Chris Pratt, too, for Star-Lord--his transformation was stunning. I could give you an endless list of major stars that I've crossed paths with. And the studios come to me because I know what I'm doing. They send stars to me who are serious about getting things done. They don't hire actors and actresses lightly. Not when you have $200 million riding on a film. There's a lot of pressure on you with that, so the stars take it seriously. She had sent the magazine her transcripts, recommendations, samples of her work from the school newspaper, and had a great phone interview, she told me. With great expectations, she happily took the job. A week later, she found that the type of work she was doing was boring her to death. If only she had asked for an example of the task data, the type of writing she would be editing. She could have quickly come to the conclusion that this job was not going to give her what she needed. Note there is a big difference between being told what type of work you will be doing and actually seein g the type of work you will be doing. Gather the data you need to make a choice that is in your best interest. See and feel the people data--ask to meet the people you will be working with, especially the person who will be supervising you and don't be shy about interviewing that person. Check out the physical data, space you will be working in, to see if it is to your liking. Ask for examples of potential job assignments so that you can see if the job tasks are interesting to you, an emotional job nutrient for sure. Several questions were addressed. First, do Asian Americans and European Americans differ on optimism or pessimism as measured by the LOT? Like Lee and Seligman (1997), Chang (1996) found that the two groups did not differ with respect to optimism.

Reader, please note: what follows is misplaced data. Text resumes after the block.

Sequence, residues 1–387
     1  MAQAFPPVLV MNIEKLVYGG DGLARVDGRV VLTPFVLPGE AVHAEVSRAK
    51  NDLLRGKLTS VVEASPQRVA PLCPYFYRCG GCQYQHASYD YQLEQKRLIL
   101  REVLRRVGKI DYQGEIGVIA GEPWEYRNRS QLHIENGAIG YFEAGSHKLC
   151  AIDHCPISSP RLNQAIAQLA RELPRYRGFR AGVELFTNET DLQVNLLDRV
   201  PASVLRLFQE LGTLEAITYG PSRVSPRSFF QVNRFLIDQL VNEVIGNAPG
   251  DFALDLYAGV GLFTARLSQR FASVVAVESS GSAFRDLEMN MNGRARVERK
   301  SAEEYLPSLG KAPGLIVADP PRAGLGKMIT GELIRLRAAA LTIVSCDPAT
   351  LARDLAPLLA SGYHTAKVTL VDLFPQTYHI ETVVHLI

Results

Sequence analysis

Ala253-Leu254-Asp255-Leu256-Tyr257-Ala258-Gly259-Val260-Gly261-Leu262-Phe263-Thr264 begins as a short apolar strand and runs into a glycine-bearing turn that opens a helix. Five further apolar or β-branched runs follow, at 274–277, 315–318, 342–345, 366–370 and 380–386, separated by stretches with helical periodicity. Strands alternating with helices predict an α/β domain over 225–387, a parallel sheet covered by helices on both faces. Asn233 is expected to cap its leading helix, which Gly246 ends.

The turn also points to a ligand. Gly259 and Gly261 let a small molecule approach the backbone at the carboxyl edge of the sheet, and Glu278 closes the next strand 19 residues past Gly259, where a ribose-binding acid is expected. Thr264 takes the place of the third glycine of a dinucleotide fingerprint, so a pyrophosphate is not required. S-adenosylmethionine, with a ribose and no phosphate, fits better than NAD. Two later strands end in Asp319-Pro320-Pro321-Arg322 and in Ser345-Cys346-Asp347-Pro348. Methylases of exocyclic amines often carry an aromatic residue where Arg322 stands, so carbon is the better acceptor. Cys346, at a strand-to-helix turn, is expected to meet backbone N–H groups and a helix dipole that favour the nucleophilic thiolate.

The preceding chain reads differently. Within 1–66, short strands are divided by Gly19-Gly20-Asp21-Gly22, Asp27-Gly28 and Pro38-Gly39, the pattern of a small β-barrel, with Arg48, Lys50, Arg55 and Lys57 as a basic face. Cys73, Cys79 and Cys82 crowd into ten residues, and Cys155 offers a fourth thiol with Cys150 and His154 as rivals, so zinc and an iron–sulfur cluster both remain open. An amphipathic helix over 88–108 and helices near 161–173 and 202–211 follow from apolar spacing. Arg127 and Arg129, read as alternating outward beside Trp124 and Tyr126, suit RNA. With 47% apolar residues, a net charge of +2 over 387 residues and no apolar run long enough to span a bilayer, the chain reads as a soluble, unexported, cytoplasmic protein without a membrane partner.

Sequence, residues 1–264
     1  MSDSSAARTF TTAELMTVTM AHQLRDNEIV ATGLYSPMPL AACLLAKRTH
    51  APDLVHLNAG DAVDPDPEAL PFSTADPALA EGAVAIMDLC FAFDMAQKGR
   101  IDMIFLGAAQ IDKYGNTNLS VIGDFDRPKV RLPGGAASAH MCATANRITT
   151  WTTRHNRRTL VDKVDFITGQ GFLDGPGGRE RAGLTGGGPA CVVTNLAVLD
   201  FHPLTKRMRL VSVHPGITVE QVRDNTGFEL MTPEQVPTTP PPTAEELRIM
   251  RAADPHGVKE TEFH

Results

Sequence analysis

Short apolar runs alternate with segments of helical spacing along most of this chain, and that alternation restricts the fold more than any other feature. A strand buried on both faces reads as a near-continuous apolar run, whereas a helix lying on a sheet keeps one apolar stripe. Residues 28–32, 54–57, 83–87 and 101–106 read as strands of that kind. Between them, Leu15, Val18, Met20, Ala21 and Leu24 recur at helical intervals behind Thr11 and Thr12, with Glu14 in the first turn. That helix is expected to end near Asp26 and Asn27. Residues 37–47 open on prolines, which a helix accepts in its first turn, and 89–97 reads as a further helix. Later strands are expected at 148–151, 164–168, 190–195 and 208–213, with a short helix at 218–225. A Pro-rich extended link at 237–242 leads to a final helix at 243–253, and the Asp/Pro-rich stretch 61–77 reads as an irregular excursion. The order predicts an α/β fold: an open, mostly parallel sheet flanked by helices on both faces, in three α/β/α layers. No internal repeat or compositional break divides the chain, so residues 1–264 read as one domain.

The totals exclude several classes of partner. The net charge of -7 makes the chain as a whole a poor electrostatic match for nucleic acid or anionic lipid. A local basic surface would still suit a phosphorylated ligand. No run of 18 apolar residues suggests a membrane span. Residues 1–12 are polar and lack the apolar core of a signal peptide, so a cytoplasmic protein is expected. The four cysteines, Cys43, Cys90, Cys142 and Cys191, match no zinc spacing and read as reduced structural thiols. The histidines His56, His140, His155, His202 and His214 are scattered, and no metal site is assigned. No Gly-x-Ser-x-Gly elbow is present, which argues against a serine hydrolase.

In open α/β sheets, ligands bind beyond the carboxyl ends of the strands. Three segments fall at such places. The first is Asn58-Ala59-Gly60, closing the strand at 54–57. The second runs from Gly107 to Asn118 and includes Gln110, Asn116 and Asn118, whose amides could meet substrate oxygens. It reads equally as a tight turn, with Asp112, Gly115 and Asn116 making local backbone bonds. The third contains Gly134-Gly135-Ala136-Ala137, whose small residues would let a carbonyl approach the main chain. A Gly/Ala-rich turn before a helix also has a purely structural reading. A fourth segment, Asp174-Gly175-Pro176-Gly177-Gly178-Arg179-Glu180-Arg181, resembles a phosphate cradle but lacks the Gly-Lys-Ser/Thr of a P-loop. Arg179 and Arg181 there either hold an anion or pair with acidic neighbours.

However, the Asian Americans were more pessimistic than the European Americans. Second, do optimism or pessimism differentially predict adjustment among Asian Americans and European Americans? To address this question, Chang (1996) conducted a series of regression analyses to identify predictors of each adjustment measure for each ethnic group. In addition to separate optimism and pessimism scores, scores on each of the coping strategies (as well as age and sex) were also included. Results of these analyses indicated that there were indeed different predictors of adjustment in the two groups. Among Asian Americans, low scores on optimism predicted psychological and physical adjustment, whereas among European Americans, high scores on pessimism predicted psychological adjustment. Third, are there differences in the pattern of associations among the study variables between Asian Americans and European Americans? When you know your body is going to be up on a seventy-foot screen and your shirt is going to be off or whatever they have you doing, you are going to show up. You are not going to quit. You're going to give it everything you have. Your entire career depends on it. So if you're looking to lose weight or improve your fitness or simply get yourself moving again--yeah, I can help you. But first you've got to be honest with yourself. I talk to my clients about this all the time. You've got to have realistic goals. If you want to be lean and you weigh three hundred pounds, stop trying to be lean for the moment. Start by trying to lose some weight. If you lack the clout to demand this data in the formal job interview, seek it informally, like the new graduate with an MFA in fashion marketing who walked through all the major upscale department stores and, posing as a customer, initiated conversations with employees so that she could hear their thoughts and feelings about her potential work environment. This gave her valuable data to help her find the type of environment that would promote her. Evaluate your data thoughtfully.